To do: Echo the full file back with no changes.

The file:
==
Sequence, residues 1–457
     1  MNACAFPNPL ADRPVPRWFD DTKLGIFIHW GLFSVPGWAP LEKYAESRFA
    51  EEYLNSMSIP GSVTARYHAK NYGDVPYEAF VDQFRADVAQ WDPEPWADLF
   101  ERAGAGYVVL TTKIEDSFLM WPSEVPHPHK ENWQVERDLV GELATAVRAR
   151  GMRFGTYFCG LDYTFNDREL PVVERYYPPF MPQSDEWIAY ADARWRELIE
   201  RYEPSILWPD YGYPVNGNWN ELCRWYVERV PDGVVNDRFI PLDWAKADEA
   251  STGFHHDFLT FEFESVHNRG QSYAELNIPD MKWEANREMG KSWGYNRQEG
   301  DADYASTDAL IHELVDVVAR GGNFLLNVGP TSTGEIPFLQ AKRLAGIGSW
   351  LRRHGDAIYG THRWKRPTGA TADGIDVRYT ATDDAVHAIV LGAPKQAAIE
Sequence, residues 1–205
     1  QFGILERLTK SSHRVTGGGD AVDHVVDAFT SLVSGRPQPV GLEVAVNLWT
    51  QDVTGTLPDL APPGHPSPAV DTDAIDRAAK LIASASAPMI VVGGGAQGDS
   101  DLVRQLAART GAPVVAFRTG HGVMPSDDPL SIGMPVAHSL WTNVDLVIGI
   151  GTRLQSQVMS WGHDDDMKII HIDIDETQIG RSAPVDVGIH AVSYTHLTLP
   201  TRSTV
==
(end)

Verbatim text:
Sequence, residues 1–457
     1  MNACAFPNPL ADRPVPRWFD DTKLGIFIHW GLFSVPGWAP LEKYAESRFA
    51  EEYLNSMSIP GSVTARYHAK NYGDVPYEAF VDQFRADVAQ WDPEPWADLF
   101  ERAGAGYVVL TTKIEDSFLM WPSEVPHPHK ENWQVERDLV GELATAVRAR
   151  GMRFGTYFCG LDYTFNDREL PVVERYYPPF MPQSDEWIAY ADARWRELIE
   201  RYEPSILWPD YGYPVNGNWN ELCRWYVERV PDGVVNDRFI PLDWAKADEA
   251  STGFHHDFLT FEFESVHNRG QSYAELNIPD MKWEANREMG KSWGYNRQEG
   301  DADYASTDAL IHELVDVVAR GGNFLLNVGP TSTGEIPFLQ AKRLAGIGSW
   351  LRRHGDAIYG THRWKRPTGA TADGIDVRYT ATDDAVHAIV LGAPKQAAIE
Sequence, residues 1–205
     1  QFGILERLTK SSHRVTGGGD AVDHVVDAFT SLVSGRPQPV GLEVAVNLWT
    51  QDVTGTLPDL APPGHPSPAV DTDAIDRAAK LIASASAPMI VVGGGAQGDS
   101  DLVRQLAART GAPVVAFRTG HGVMPSDDPL SIGMPVAHSL WTNVDLVIGI
   151  GTRLQSQVMS WGHDDDMKII HIDIDETQIG RSAPVDVGIH AVSYTHLTLP
   201  TRSTV